So the answer to whether you can use .NET Remoting to build Web Services is yes and no. You can build Web Services with .NET Remoting but whether anybody who is not using the .NET Remoting will be able to use them will depend if you are able to describe your end point to bare data types and semantics. And if you want inter-operability with other Web Service toolkits, you will need to restrict parameters to the simple built-in types and your own data types (don't use .NET Framework types), and avoid client-activated objects and events. In short, if you care about reach, you need to restrict yourself to the same set of functionality that ASP.NET Web Services use. Better yet, why not use ASP.NET Web Services?
ASP.NET Web Services favor the XML Schema type system, and provide a simple programming model with broad cross-platform reach. .NET Runtime favors the runtime type system, and provides a more complex programming model with a limited reach. This essential difference is the primary factor in determining which technology to use.
However, there are a wide range of other design factors, including transport protocol, host processes, security, performance, state management and support for transactions as well. These concepts are discussed below.
Although the SOAP specification does not mandate the use of HTTP as the transfer protocol, a client can access Web Services implemented in ASP.NET only using HTTP as the transport protocol. HTTP is the only transport protocol that ASP.NET supports. The services are invoked via IIS and execute in the ASP.NET worker process - aspnet_wp.exe.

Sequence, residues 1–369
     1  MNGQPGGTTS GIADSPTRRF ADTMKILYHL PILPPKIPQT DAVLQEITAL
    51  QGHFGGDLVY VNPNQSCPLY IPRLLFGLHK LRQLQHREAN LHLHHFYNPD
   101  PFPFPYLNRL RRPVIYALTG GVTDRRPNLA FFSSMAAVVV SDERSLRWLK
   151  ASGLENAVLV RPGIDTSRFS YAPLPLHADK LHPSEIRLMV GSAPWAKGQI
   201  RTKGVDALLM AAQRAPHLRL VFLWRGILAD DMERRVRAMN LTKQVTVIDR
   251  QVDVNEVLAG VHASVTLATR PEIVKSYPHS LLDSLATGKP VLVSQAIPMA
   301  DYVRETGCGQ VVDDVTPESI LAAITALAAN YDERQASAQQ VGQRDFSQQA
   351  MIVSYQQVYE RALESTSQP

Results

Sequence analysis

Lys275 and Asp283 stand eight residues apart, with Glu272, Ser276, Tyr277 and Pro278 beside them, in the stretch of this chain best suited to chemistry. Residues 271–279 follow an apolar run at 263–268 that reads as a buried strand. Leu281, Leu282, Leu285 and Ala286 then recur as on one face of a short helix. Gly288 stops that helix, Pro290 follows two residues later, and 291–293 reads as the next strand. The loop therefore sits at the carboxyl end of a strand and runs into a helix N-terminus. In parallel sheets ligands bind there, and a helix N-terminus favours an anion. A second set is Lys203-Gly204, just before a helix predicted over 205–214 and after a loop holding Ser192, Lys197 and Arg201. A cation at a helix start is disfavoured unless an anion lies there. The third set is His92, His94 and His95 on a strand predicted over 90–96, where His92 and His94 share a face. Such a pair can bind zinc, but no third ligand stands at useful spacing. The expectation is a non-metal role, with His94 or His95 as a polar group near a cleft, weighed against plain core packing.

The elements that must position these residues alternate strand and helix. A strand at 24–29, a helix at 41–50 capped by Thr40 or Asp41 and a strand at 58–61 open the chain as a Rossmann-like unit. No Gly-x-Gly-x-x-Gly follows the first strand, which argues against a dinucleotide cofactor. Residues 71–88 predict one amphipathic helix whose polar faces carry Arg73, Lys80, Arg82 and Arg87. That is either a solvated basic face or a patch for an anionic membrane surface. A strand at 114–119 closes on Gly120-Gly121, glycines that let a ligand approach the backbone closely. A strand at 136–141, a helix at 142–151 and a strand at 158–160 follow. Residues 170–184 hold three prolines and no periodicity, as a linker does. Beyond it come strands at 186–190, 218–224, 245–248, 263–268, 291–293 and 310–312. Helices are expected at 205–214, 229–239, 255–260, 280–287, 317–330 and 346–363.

.NET Remoting on the other hand, allows you to host remote objects in any type of application including Windows Forms, Windows Services, Console applications, or even IIS. And as previously noted, .NET Remoting supports two transport channels - HTTP and TCP. The following summarizes these points:
|Technology||Transport Protocols||Host Processes|
|ASP.NET Web Services||HTTP only||IIS only (aspnet_wp.exe)|
|.NET Remoting||HTTP and TCP||IIS, Windows Forms, Windows Services, and console apps.|
Note that the .NET Remoting plumbing does not include a DCOM-style Service Control Manager (SCM) to start remote servers. If you expose remote objects from some process, you must ensure that that process is running before it can server any remote objects. You also have to ensure that they are thread-safe - i.e., thread A cannot create an object after thread B has started to shut down the process. If you expose remote objects from ASP.NET (i.e., remote objects are deployed in IIS), you can take advantage of the fact that the ASP.NET worker process, aspnet_wp.exe is both auto-starting and thread safe. Deploying objects in IIS is also an excellent way to secure a cross-process .NET Remoting call.
Both ASP.NET and .NET Remoting are extensible architectures. You can filter inbound and outbound messages, control aspects of type marshalling, and metadata generation.